When a driver behaves in a manner so outrageous that it’s clear they had no regard for the safety of other drivers, you can recover not only for any resulting injury, but also punishment or punitive damages against the driver and their insurance company.
The most common cases involving punitive damages are:
Punitive damages in Georgia are governed by statute- O.C.G.A. § 51-12-5.1. Under the provisions of this law, punitive damages (i.e., damages designed to punish, penalize, or deter a defendant’s conduct) are to be awarded only in injury cases when the plaintiff can show by clear and convincing evidence that the defendant acted with “willful misconduct, malice, fraud, wantonness, oppression, or that entire want of care which would raise the presumption of conscious indifference to consequences.”
In layman’s terms, that means punitive damages are warranted in a standard auto wreck case if there is some particularly extraordinary fact- for example, the defendant was cited for DUI or fleeing the scene of an accident with injuries.
Things can get slightly complicated, however, when it comes time to try these types of cases in front of a jury. In general, most cases involving punitive damages have to bifurcate into two separate phases. First, the jury has to decide issues of compensatory damages and whether punitive damages are warranted. Then, in the second phase, the jury would decide the amount of punitive damages to be awarded. See Webster v. Boyett, 269 Ga. 191.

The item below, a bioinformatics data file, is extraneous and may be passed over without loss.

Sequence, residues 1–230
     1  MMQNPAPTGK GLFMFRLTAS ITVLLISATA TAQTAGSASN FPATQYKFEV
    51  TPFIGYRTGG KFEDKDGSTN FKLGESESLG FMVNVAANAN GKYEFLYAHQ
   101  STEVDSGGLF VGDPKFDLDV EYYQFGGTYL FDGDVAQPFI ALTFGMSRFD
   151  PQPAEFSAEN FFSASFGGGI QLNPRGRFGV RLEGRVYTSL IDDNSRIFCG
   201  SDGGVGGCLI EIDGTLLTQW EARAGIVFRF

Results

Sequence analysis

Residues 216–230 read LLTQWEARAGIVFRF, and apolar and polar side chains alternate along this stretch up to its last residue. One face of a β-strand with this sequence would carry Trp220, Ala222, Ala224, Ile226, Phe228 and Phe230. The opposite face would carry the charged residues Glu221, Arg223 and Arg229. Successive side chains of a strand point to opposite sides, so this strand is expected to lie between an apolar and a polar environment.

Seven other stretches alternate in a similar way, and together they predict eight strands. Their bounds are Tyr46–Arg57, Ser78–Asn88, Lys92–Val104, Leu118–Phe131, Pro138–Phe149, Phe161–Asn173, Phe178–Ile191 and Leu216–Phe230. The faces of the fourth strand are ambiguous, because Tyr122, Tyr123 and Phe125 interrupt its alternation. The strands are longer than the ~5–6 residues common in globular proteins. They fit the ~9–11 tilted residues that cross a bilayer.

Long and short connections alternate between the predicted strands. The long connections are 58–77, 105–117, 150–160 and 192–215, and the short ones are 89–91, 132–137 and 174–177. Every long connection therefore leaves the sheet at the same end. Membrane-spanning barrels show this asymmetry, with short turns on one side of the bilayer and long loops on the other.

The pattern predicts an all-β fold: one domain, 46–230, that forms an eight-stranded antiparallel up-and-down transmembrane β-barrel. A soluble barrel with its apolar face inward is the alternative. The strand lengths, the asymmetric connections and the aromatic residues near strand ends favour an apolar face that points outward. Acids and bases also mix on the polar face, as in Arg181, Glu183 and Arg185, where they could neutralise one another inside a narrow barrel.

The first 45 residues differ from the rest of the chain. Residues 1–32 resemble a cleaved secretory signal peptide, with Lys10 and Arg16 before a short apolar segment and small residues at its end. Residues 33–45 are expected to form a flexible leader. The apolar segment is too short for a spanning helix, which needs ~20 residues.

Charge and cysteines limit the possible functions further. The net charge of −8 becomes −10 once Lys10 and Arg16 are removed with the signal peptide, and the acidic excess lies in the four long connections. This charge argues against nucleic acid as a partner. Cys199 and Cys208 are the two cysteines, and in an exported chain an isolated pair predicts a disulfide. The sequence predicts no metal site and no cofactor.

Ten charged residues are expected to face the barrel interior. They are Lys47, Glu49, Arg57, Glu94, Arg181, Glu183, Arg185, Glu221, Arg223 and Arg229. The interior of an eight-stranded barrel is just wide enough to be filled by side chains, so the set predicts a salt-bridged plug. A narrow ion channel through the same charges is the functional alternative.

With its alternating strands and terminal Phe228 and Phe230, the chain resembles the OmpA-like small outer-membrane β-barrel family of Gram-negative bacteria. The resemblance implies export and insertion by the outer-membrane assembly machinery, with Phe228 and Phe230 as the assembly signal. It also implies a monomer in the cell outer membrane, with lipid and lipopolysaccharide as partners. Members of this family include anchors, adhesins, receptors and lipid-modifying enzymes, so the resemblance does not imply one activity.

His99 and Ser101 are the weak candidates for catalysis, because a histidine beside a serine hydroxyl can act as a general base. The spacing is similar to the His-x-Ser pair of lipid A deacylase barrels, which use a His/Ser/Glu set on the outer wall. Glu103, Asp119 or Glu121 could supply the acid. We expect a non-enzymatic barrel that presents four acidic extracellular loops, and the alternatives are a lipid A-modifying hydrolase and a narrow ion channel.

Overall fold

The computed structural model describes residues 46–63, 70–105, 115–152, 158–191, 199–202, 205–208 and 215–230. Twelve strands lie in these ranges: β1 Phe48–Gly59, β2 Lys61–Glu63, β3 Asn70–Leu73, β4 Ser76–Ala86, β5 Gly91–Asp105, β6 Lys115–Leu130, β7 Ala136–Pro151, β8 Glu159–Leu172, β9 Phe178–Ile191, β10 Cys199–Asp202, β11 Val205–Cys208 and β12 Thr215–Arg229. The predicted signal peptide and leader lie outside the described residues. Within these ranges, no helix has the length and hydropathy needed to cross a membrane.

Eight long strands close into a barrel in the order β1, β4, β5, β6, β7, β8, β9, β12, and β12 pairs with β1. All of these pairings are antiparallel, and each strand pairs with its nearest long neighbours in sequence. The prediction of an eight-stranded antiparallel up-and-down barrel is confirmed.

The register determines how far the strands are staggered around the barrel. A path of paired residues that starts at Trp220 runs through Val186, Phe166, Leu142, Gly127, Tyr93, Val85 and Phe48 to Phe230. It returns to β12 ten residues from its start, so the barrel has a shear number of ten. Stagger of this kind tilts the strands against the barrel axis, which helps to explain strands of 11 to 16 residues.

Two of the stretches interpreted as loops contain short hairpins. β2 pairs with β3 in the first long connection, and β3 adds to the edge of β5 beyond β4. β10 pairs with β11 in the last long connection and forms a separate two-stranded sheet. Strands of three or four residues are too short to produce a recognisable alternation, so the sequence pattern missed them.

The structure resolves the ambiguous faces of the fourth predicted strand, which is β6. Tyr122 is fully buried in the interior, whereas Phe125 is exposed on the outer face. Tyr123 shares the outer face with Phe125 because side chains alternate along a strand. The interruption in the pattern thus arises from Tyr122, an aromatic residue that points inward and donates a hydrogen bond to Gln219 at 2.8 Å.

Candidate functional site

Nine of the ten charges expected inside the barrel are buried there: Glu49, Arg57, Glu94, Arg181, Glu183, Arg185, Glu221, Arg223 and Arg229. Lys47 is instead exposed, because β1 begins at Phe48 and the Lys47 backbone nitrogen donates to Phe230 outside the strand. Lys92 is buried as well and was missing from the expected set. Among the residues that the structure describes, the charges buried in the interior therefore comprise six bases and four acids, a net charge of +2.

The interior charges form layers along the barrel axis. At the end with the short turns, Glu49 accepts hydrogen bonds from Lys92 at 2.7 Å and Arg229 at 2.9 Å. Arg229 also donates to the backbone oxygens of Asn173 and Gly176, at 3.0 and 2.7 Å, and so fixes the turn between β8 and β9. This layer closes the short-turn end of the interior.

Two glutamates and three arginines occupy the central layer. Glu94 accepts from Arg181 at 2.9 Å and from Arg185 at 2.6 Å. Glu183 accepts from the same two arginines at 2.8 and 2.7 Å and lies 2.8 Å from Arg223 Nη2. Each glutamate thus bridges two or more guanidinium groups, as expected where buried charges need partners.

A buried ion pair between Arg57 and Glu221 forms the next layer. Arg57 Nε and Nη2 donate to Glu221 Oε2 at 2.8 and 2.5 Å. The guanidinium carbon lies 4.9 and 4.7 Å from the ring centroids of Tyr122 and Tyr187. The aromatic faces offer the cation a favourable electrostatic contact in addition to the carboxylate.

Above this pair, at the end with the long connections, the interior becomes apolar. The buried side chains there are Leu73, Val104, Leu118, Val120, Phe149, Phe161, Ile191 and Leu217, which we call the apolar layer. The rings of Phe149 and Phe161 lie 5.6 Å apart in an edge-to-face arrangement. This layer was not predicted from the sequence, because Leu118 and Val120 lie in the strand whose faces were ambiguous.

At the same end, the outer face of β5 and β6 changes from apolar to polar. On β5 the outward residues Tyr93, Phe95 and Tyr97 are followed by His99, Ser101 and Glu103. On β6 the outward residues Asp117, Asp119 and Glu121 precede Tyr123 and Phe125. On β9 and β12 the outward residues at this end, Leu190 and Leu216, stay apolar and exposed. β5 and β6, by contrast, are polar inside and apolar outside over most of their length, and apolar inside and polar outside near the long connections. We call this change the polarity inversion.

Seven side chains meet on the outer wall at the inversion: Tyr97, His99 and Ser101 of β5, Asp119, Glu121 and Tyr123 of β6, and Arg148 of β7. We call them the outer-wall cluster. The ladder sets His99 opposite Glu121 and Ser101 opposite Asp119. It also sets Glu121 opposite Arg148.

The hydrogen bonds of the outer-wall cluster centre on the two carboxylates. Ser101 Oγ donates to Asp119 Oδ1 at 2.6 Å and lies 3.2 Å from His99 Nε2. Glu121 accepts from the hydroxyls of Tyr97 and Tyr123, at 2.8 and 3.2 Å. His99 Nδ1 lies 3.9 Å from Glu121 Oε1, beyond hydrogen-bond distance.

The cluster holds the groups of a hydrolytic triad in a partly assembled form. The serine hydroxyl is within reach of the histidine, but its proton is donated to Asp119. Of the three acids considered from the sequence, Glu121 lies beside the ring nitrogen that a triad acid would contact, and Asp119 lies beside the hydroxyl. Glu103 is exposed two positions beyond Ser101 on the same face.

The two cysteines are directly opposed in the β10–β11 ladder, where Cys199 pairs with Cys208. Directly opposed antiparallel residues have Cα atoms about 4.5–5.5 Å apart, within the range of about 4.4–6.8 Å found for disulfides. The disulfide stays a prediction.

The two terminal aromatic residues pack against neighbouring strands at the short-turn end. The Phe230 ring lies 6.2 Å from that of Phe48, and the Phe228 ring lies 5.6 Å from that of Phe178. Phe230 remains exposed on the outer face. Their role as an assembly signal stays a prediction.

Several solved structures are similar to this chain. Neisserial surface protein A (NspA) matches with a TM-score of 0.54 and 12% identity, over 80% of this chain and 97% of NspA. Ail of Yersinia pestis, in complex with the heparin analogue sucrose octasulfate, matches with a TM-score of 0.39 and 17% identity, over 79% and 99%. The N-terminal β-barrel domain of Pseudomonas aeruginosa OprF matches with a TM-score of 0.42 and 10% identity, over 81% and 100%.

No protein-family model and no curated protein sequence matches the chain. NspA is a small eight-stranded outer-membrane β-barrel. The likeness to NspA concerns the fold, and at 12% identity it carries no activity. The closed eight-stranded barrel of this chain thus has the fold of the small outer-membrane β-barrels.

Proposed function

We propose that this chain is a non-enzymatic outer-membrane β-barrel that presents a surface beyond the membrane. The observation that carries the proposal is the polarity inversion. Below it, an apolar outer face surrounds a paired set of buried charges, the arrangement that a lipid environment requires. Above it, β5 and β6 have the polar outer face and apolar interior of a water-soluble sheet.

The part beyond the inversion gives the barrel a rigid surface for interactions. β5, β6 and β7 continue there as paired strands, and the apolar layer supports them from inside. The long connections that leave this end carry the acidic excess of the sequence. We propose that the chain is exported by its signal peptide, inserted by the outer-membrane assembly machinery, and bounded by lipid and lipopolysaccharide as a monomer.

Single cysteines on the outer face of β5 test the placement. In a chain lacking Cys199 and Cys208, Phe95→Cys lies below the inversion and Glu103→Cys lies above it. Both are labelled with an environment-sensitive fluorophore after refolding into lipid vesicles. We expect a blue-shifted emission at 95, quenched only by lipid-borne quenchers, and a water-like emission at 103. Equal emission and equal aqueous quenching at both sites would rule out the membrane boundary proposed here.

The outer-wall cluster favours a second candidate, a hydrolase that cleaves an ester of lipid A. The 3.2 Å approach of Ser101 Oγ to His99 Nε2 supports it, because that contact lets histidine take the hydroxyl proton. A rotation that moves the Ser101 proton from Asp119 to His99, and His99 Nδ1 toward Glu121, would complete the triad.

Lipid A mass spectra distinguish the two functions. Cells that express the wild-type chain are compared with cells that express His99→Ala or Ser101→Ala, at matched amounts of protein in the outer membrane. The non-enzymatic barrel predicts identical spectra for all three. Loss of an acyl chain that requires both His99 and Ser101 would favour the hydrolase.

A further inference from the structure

However, if the trial court determines that the introduction of punitive evidence in the first phase of the case might also inflame the jury on issues of liability and compensatory damages, then a trifurcated trial procedure is allowed. Id. Under the 3 step approach, the first phase resolves issues of fault, causation, and compensatory damages. Phase two would then consider whether punitive damages are proper, and then the final phase would include the jury’s consideration as to the amount of punitive damages.
In general, the three-step approach leads to a more disjointed trial and is unusually only seen in extremely complicated cases. Most plaintiffs’ lawyers prefer the bifurcated procedure as it allows them to introduce the punitive elements of the case from the very beginning, but the trial courts have wide discretion on this issue. Above all else, though, it is important to have a skilled and experienced trial lawyer on your side when dealing with these kinds of complicated legal issues.